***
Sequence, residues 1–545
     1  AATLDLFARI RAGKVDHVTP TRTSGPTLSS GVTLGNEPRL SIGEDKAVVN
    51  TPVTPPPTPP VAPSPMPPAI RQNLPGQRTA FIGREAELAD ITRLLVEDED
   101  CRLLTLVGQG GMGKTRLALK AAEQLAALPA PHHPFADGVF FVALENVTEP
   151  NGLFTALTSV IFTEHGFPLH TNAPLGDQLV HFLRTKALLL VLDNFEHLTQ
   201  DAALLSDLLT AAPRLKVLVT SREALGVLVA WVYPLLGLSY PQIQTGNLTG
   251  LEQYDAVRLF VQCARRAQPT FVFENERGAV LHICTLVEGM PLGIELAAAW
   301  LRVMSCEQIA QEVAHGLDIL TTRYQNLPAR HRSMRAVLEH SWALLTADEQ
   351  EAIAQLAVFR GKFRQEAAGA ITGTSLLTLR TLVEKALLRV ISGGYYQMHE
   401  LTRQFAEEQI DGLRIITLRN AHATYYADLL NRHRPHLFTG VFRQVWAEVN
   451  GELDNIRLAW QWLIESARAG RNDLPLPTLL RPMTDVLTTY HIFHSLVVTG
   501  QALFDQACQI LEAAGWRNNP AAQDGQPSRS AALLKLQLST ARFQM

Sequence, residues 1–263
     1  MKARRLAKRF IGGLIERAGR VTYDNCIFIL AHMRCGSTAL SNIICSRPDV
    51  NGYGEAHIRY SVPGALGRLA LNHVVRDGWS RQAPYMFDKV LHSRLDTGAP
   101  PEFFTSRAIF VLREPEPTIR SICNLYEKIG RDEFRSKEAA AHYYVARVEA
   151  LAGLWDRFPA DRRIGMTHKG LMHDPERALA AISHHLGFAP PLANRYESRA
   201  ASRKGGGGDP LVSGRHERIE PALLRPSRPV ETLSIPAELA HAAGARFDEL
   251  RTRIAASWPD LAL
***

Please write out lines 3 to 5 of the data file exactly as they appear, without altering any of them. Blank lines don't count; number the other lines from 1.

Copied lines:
    51  TPVTPPPTPP VAPSPMPPAI RQNLPGQRTA FIGREAELAD ITRLLVEDED
   101  CRLLTLVGQG GMGKTRLALK AAEQLAALPA PHHPFADGVF FVALENVTEP
   151  NGLFTALTSV IFTEHGFPLH TNAPLGDQLV HFLRTKALLL VLDNFEHLTQ